When Jack Kirby revived the Newsboy Legion (as the children of the original team members) in the pages of Superman’s Pal, nurse Jimmy Olsen, treatment he made an addition to the roster in the form of Walter Johnson, pharmacy Junior –
– also known as “Flippa Dippa.”
In case the above panel didn’t make it obvious, “Flip” was an African American teen with a fondness — nay, obsession — for deep sea diving. While Flip’s inclusion in the second-generation Newsboy Legion can be seen as a manifestation of the the self-consciously inclusionary spirit of the era, I’ve long wondered about the thought process which led Kirby to such an eclectic combination of hobby and ethnicity.
That’s not meant to be either a dig at the King’s creative powers or a quasi-racist generalization. What I mean is that Kirby wore his immediate influences pretty prominently on his sleeve.
My brother — who has been a Kirby collector and enthusiast for decades since his high school days — used to joke that you could chart Jack’s reading/watching habits through the contents of his creative output. It wasn’t imitation as much it was inspiration. From overt Prisoner references in the Fantastic Four to the creative debt Kamandi owed to Planet of the Apes to the Von Daikenisms of The Eternals, Kirby had a knack for reworking existing concepts into wonderful and wild new forms. (Just check out his work on the funnybook “adaptation” of 2001: A Space Odyssey should you need proof of that.)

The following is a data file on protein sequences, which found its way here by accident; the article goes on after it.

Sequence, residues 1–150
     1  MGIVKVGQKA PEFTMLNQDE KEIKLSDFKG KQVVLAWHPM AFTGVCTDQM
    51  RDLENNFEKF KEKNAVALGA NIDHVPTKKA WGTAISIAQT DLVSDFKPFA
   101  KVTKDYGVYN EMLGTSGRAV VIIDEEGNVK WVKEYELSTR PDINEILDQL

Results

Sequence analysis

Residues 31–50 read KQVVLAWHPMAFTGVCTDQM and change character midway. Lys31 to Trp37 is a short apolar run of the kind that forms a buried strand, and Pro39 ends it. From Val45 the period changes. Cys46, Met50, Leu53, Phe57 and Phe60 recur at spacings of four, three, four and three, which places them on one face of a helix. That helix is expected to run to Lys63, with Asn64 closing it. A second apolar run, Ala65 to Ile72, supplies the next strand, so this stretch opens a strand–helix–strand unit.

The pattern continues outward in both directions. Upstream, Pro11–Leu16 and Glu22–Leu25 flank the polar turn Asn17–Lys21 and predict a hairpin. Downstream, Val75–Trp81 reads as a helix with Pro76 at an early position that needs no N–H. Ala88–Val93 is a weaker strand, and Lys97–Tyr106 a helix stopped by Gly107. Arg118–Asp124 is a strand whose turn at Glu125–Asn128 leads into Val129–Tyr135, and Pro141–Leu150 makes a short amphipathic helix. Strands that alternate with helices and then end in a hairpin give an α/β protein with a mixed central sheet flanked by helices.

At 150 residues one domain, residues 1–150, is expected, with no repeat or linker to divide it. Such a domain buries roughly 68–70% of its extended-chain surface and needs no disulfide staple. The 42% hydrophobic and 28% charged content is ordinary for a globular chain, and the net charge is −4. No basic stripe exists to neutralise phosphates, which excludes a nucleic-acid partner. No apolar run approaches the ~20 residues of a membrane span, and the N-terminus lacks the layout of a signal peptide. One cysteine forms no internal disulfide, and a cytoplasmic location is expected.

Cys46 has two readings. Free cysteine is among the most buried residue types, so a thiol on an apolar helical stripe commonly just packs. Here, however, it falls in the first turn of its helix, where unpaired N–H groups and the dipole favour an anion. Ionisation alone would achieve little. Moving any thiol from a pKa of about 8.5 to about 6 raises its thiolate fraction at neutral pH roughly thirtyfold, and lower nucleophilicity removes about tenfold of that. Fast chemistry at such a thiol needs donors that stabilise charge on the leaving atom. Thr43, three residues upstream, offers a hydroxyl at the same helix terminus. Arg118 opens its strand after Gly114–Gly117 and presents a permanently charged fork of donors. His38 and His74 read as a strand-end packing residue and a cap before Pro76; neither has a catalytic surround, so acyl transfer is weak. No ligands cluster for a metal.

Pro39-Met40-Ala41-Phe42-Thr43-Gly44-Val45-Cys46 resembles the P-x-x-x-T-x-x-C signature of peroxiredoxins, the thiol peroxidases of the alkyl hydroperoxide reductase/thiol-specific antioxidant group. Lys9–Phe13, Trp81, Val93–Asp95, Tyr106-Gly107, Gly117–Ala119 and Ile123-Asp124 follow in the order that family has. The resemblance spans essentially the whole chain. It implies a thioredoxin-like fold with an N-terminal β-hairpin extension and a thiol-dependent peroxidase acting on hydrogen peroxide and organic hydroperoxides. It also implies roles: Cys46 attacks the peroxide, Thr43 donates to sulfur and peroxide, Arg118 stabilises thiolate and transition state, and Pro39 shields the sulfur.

Hence my bafflement about “Flippa Dippa.” Though the character could been seen as an oblique rebuttal to an old racist canard, I wondered if there was more to it than a random bit of zaniness guided by the multicultural zeitgeist.
The specific popcultural context — if there was one — eluded me, however. The previous decade’s Ivan Tors/Irwin Allen/Lloyd Bridges-fueled obsession with aquatic adventure had long subsided by the time Flip dogpaddled onto the scene, and Jaws phenomenon was a still a few years down the road.
Then I happened to stumble across this image while flipping through the November 17, 1967 issue of LIFE Magazine:
The photo is from a brief write up of Bruce Jay Freidman’s play, Scuba Duba, a very 1960s (in both the negative and positive senses of the term) comedic examination of race relations which starred the late, great Cleavon Little as the wet-suited titular character.
I have neither the resources nor (more importantly) the motivation to conduct an academic investigation, but the similarities in both (rhyming) name and appearance strike me as more than coincidentally close — especially given the coverage given to the play’s controversial nature, which was big enough to earn a write-up in LIFE and, perhaps, to register in Kirby’s inspirational memory for (subconscious?) future reference.